{One Mom’s Opinion} Why I’m Selectively and Slowly Vaccinating

It was probably twelve years ago when I first heard someone mention the very possibility that vaccinating a child was optional. For me, going to the doctor and waiting for shots was just part of the growing up. My first thought was like most people’s–something along the lines of “that’s friggin’ crazy.” So one night when I was out with a friend getting her PhD from a prestigious university in Microbioloy and Immunology I told her about this theory. And her response? She didn’t blow it off. In fact, she explained to me that it’s well-known that vaccines can be damaging to the recipient.

Well, that changed my mind just a tad.

Fast-forward many years to the birth of my first child and I started off vaccinating exactly as I was directed. My son ended up having a number of medical problems, including a severe case of epilepsy, and immunizations were put on hold indefinitely. When he was recovered from his violent and debilitating seizures, a neurologist recommended that he receive as few vaccination as possible–just in case.

And again, I wondered.

I can promise you that I have never taken the advice of Jenny McCarthy on this issue. I don’t think vaccines cause autism. I have consulted several pediatricians that I know personally and some other people I know who work in the areas of public health.

Jonal Salk--inventor of the polio vaccine--holding two bottles of vaccine solution.

Jonal Salk–inventor of the polio vaccine–holding two bottles of vaccine solution.

I do think that vaccines can harm people–I’ve known people who have suffered permanent brain damage from common vaccines. These are both adults and children who now receive a government stipend because of their vaccine injury. I’ve known parents whose children have become epileptics after routine vaccinations. I know parents that believe their children have suffered damaging effects after being vaccinated. I can’t discount all these people.

I also don’t want to expose my children to potentially deadly diseases if I don’t have to. At the top of my list for vaccination are anything involving meningitis, and the Pertussis/Diptheria/Tetanus combo. Polio is another biggie for me.

I’m not scared of all the possible diseases out there. I even believe that it’s good for a body to get to utilize its immune system fully.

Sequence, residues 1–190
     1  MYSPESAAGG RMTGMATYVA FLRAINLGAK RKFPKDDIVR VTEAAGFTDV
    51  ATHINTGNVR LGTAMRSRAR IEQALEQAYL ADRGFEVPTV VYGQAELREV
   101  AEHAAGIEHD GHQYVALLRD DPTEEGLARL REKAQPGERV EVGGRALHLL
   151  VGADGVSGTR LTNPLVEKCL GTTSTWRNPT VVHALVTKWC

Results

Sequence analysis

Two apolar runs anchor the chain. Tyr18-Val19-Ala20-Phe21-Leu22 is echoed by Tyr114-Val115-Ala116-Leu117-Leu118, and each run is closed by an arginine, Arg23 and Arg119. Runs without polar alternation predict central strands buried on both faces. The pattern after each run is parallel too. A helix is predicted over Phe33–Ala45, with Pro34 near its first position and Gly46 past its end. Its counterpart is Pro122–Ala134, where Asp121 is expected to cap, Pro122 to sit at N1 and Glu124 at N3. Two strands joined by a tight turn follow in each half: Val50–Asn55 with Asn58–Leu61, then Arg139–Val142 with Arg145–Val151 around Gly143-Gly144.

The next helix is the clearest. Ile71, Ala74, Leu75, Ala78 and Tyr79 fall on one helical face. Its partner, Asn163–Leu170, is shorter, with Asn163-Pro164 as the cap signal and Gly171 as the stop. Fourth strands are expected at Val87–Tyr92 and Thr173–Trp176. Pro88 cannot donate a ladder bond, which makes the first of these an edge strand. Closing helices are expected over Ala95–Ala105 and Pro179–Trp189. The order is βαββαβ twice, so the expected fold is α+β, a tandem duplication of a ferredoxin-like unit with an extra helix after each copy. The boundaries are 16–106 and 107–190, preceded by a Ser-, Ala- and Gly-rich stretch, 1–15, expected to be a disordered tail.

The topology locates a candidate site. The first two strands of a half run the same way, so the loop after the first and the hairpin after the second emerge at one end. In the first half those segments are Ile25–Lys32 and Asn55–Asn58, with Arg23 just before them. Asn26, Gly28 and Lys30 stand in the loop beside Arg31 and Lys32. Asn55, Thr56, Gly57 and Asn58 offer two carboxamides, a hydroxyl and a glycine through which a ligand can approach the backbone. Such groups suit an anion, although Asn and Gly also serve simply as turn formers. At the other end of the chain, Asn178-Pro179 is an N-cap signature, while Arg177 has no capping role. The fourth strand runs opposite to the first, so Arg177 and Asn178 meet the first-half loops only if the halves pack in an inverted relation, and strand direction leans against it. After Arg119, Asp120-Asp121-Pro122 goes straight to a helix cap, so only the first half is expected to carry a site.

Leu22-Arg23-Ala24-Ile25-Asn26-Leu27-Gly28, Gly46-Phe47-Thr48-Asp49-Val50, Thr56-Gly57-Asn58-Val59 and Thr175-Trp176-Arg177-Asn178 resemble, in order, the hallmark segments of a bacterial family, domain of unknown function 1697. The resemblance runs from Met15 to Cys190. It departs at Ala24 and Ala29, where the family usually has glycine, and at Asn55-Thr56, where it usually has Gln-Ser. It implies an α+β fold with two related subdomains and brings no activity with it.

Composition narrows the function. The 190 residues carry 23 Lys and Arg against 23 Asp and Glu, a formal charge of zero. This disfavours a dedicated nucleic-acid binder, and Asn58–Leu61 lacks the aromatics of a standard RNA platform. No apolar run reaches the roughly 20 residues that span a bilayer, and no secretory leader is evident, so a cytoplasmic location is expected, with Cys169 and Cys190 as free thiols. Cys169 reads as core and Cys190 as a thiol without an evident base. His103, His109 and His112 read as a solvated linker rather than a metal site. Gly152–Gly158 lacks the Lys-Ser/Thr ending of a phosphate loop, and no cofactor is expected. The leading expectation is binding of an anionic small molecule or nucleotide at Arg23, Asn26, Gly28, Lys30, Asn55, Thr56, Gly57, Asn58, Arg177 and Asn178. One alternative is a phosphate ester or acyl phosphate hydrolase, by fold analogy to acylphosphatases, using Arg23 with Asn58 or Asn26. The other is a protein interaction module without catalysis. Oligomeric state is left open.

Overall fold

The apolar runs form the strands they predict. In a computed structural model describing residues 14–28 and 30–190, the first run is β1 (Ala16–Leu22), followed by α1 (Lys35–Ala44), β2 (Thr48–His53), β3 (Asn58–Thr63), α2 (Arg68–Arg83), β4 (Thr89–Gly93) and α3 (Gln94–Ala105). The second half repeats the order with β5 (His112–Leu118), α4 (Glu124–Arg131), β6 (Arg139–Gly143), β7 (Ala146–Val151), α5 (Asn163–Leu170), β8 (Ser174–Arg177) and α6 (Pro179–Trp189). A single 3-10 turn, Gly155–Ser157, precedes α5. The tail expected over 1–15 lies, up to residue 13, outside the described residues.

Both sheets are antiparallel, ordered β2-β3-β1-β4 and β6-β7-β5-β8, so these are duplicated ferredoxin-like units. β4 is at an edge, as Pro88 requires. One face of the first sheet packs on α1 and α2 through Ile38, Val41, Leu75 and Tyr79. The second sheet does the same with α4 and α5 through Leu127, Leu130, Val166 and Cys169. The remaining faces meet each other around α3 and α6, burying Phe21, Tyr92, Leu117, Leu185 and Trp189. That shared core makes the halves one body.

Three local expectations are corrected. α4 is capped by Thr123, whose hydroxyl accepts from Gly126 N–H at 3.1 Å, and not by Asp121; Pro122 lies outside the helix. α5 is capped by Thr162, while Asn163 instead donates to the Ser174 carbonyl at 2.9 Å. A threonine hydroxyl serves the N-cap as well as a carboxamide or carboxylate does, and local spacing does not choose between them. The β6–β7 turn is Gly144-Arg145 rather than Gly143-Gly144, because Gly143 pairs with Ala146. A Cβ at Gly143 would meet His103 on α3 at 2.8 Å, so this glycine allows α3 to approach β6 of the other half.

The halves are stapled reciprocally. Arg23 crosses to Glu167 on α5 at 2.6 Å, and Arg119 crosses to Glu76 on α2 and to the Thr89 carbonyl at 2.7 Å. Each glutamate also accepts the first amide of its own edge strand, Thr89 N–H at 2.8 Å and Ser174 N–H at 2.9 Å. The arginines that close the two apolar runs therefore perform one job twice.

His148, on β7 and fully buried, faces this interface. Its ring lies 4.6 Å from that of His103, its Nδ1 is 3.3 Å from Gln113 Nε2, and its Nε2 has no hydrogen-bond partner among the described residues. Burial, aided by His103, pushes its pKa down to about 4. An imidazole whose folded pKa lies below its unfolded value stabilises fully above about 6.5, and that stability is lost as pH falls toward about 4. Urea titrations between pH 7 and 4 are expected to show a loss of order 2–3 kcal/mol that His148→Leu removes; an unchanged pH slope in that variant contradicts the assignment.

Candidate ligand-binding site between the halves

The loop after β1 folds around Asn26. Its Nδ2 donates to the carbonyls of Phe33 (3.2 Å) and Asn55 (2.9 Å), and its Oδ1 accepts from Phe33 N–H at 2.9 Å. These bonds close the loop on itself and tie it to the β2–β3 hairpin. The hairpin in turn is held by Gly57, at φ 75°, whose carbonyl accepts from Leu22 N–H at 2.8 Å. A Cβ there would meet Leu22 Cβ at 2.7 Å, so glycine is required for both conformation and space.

But the science! People seem to be shrieking these days. Vaccines are perfectly safe!

And they’re kind of right, but not totally right. Vaccines are mostly safe–the National Vaccine Injury Compensation program exists for those times when it isn’t. And while most vaccine reactions are localized, I’ve heard stories of doctors refusing to file incident reports and I’ve known people who have suffered permanent disabilities from common vaccines. Vaccines are still a crap shoot. Every time you get one, you take a risk, and these days we’re taking those risks many more times than in the past. Yelling about science doesn’t change those facts.

Vaccines are also tested alone when their safety is determined. We assume they are also safe when given at the same time as other vaccines, but that’s not tested. The other major concern of mine is that vaccines are only tested on people with no other conditions. When you do a scientific study, they only use healthy people. People with preexisting conditions are excluded from studies. So a child with a brain injury or an autoimmune disease–well, we assume the vaccines are safe for them. We don’t actually know.

I know that there are public health concerns with my stance on this issue and I have thought about these as well. One concern is that unvaccinated children are causing outbreaks of diseases that were previously very rare. I understand the argument, but I’m not fully convinced that it is only unvaccinated children causing these problems. Several years ago I contracted a nasty case of whooping cough. I’ve received all of my vaccinations and had no idea I had whooping cough until two weeks into the ordeal. I just can’t put the blame of these outbreaks solely on the shoulders of those unvaccinated children. I think adults who have outgrown their vaccinations are also part of the problem. There’s also the 15% of persons for whom the vaccine doesn’t actually work. That’s a pretty big chunk.